Illustrations About Humility is a collection of Sermon Illustrations that talks about being humble.
Humility is one of the things that every Christian should possess as Christ demonstrated.
May you enjoy the illustrations below.
Clothed with Humility
The word “humility” means literally a low estimate of self. But this does not imply self-deprecation. When you hear someone deprecating himself, usually you can put it down as a sort of counterfeit humility. Someone has said, “The true way to be humble is not to stoop until you are smaller than yourself, but to stand at your full height before some higher nature that will show you how small your greatness is.” “Walk humbly with thy God.” Here is where we learn true humility. Walking with God, seeing ourselves by the side of His greatness, we see how little we are. And seeing how little we are is the first step toward becoming what we can and ought to be.
We never become truly great, we never do our best work until we are “clothed with humility”; until, like our Lord and Savior, we are willing to live to serve others.
John R. Gunn, Facing Life
The Ambitious Disciples
Jesus and his disciples were coming to the town of Capernaum. As they entered the house where they would be staying, he asked his disciples, “What were you arguing about on the road?” But they kept quiet, says the writer of Mark’s Gospel, because on the way they had argued about who was number one among them.
So, the disciples were human just like you and I are human. Who doesn’t want to stand out? Some of the greatest people who have ever lived were also among the most ambitious.
It is said that Michelangelo prayed: “Lord, grant that I may always desire more than I can accomplish.”
Abraham Lincoln often said to himself as a boy studying by the pine log fire at night: “I will study and get ready and perhaps my chance will come.” And, indeed, it did come.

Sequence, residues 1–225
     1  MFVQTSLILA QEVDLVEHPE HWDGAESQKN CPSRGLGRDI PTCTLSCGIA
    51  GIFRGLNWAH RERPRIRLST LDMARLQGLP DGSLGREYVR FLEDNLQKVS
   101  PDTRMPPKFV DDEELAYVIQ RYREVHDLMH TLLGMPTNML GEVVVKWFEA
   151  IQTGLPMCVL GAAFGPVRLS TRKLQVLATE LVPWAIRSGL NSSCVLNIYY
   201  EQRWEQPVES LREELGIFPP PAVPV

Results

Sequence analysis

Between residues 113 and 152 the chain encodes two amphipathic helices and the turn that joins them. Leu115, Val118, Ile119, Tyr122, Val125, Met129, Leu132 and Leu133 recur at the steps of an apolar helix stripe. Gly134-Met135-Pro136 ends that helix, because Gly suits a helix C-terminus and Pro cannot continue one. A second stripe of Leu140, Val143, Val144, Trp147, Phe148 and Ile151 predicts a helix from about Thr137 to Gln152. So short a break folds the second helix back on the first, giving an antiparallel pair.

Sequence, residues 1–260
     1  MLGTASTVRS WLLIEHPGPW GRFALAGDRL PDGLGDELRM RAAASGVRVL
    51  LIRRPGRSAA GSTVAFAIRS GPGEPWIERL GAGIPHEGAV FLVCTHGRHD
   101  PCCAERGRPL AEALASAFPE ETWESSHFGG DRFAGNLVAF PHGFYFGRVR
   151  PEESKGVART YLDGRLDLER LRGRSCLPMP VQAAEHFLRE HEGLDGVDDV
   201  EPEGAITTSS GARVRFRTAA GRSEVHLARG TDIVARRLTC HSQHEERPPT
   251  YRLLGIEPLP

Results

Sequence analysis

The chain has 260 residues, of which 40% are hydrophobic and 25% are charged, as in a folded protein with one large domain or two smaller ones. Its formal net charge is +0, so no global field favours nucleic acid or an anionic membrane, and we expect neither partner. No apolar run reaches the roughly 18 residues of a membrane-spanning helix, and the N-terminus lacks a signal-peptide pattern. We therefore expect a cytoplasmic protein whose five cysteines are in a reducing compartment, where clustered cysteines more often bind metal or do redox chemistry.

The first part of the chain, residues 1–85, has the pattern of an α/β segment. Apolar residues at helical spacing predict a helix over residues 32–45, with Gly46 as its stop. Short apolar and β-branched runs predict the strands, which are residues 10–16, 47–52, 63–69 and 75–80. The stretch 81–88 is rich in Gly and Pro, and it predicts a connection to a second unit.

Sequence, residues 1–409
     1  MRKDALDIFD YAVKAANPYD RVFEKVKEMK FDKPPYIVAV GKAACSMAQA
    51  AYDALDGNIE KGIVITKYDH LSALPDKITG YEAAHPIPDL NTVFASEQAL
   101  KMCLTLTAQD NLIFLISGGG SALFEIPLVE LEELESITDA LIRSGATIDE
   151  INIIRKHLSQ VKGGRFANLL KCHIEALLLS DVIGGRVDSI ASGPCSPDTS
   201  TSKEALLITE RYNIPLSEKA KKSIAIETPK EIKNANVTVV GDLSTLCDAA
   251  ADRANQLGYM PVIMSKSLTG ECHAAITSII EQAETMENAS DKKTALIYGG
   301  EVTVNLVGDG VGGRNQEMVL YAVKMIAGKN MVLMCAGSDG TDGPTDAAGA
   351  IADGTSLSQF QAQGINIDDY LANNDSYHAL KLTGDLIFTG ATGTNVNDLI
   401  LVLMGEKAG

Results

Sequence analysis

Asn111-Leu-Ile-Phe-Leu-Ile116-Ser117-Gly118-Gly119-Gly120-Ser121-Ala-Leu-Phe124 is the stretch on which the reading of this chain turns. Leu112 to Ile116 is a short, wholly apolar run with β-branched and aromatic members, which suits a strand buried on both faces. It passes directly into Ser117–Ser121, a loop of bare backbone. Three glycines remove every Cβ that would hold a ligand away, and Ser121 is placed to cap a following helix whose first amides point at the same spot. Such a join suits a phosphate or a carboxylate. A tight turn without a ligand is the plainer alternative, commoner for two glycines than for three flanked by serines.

Having an African-American president reminds us of other people of color who have succeeded against even greater odds. They, too, were driven to succeed.
Who can help but be impressed by the accomplishments, for example, of George Washington Carver? Carver was born to an African slave mother. He never knew his father. But he wanted to make a difference in the world, and he did! Carver became one the greatest scientists in American history.
The disciples were human beings. They wanted their names to be in lights just as you and I want to stand out from our peers. There is nothing wrong with that as long it does not cause us to mistreat others or betray our values. My guess is Jesus wanted them to be ambitious because ambitious people get things done. He just wanted them to be ambitious in the right way.
King Duncan, Collected Sermons, www.Sermons.com
He that is down needs fear no fall,
He that is low, no pride:
He that is humble ever shall
Have God to be his guide.
From the Song of the Shepherd Boy, The Pilgrim’s Progress by John Bunyan
Passing by the Children
A persistent judgment leveled against parents today is this: they gladly provide their children with every resource: Leaders, coaches, teachers, tutors, and youth workers. Certainly children should be happy and well-adjusted. They have everything money can buy. But they do not have the listening ear of Mom and Dad. “Too busy, later, not now, I’m working hard for your good.” Recall the old saying:
“For the want of a nail the shoe was lost;
for the want of a shoe the horse was lost;
for the want of a horse the rider was lost;
for the want of the rider the battle was lost.”
It is still true. For want of a quiet, caring intimacy, a child’s primary sense of self-worth is lost. And for want of security and self-worth, the child is lost. In most churches I’ve known, members find it quite easy to pass a youth by; they are more timid to engage a child than a stranger in conversation. Frequently, when youth are on committees, little sensitivity is expressed toward making them comfortable and enabling them to contribute.